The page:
Do’s and Don’ts of Fostering a Culture of Collaboration
As a manager, you’re probably familiar with current research that states collaborative workplaces are more engaged and productive. But when it comes to the actual nuts and bolts of fostering a positive culture of collaboration, do you know what to do — and what to avoid? The following do’s and don’ts can help:
- Don’t avoid collaboration yourself. If you want your team to work collaboratively, you have to lead by example. When the opportunity arises, work with other managers and department heads to set goals, solve problems, and find new ways of doing things.
- Do emphasize the value of teamwork. You have to actively promote an environment where employees believe they work better when they collaborate. One way to do this is to evaluate collaboration so you can show employees the results, whether that’s an increase in productivity, enhanced quality, or some other metric.
- Don’t reward based on individual performance. As Susan M. Heathfield points out in her article titled “How to Build a Teamwork Culture in Your Organization” for The Balance, our society focuses significantly on individual contributions. To teach your employees to think about accomplishment as a team, create a reward system that doesn’t reward the individual but instead, rewards the entire team.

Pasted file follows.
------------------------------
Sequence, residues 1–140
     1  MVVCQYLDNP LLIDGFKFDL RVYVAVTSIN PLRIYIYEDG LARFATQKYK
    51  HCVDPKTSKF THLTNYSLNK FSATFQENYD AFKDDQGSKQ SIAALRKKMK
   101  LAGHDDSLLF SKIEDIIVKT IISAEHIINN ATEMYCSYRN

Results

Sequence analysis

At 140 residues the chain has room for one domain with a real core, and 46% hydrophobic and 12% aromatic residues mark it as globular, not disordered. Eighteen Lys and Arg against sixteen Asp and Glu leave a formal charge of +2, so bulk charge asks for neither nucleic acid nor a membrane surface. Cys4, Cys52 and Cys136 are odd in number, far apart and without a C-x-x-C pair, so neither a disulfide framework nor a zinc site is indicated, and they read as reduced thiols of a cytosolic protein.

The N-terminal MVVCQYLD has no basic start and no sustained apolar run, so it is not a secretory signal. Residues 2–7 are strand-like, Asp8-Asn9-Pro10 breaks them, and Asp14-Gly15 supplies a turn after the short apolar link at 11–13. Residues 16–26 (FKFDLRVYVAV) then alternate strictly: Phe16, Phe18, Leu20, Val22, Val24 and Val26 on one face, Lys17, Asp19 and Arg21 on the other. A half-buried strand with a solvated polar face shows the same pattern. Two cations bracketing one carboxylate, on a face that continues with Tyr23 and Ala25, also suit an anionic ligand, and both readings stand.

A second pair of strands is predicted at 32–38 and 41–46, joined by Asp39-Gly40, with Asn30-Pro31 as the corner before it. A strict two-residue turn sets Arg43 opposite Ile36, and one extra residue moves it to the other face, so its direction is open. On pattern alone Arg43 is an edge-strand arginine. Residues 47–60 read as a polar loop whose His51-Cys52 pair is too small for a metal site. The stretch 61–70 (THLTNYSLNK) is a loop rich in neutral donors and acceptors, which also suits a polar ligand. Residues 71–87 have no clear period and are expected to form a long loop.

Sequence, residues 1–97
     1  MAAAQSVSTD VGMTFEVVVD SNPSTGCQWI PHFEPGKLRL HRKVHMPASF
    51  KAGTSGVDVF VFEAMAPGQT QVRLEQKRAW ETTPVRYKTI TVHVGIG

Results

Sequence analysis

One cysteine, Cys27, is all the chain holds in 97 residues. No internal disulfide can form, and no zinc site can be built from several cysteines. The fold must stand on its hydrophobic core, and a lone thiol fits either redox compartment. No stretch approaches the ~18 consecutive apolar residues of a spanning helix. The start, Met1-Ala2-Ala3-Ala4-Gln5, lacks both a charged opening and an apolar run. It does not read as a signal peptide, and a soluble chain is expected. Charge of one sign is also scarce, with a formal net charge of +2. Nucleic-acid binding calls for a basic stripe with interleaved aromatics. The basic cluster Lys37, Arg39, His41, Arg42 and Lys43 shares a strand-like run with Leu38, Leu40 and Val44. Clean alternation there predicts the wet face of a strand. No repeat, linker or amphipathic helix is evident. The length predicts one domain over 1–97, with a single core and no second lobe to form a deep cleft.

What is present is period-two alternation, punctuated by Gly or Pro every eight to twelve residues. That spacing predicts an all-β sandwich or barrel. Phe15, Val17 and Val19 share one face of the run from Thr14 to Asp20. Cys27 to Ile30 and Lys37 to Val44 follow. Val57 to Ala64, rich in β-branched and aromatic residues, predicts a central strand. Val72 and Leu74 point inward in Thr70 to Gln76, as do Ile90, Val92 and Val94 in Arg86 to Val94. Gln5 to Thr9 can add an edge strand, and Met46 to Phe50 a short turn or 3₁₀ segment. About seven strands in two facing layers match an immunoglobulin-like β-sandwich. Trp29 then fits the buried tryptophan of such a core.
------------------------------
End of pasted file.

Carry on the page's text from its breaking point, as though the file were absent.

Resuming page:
- Do promote diversity. Diverse teams are more creative and productive — but only when they function collaboratively. When you have employees from three or four generations and multiple backgrounds on one team, you need to break down barriers and promote understanding. Formal team building exercises, as well as informal team lunches, dinners, and other fun events, are a good way to do this. In addition, you can divide your team up into smaller groups and assign different partners on a rotating basis. That way, employees will get to know each other while simultaneously learning to value each other’s professional strengths.
- Don’t forget to set shared objectives and review achievements as a team. If you want your employees to collaborate, they need shared goals. They also need to see how they’re progressing towards those goals. Hold weekly meetings to not only keep everyone up to date on the team’s latest accomplishments, but also to keep them motivated.
Fostering an environment where employees enjoy working together successfully is an ongoing endeavor that requires insight, patience, and perseverance. So keep these pointers in mind, and you’ll be well on your way to creating a workplace that naturally encourages collaboration.